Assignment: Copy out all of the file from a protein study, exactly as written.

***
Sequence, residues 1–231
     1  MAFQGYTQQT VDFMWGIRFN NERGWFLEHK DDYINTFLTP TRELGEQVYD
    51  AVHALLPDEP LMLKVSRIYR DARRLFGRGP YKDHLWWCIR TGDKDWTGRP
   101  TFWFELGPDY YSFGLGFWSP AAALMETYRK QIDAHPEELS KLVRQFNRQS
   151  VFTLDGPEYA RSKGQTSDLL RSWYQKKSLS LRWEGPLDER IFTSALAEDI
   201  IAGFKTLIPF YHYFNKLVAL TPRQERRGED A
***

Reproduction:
Sequence, residues 1–231
     1  MAFQGYTQQT VDFMWGIRFN NERGWFLEHK DDYINTFLTP TRELGEQVYD
    51  AVHALLPDEP LMLKVSRIYR DARRLFGRGP YKDHLWWCIR TGDKDWTGRP
   101  TFWFELGPDY YSFGLGFWSP AAALMETYRK QIDAHPEELS KLVRQFNRQS
   151  VFTLDGPEYA RSKGQTSDLL RSWYQKKSLS LRWEGPLDER IFTSALAEDI
   201  IAGFKTLIPF YHYFNKLVAL TPRQERRGED A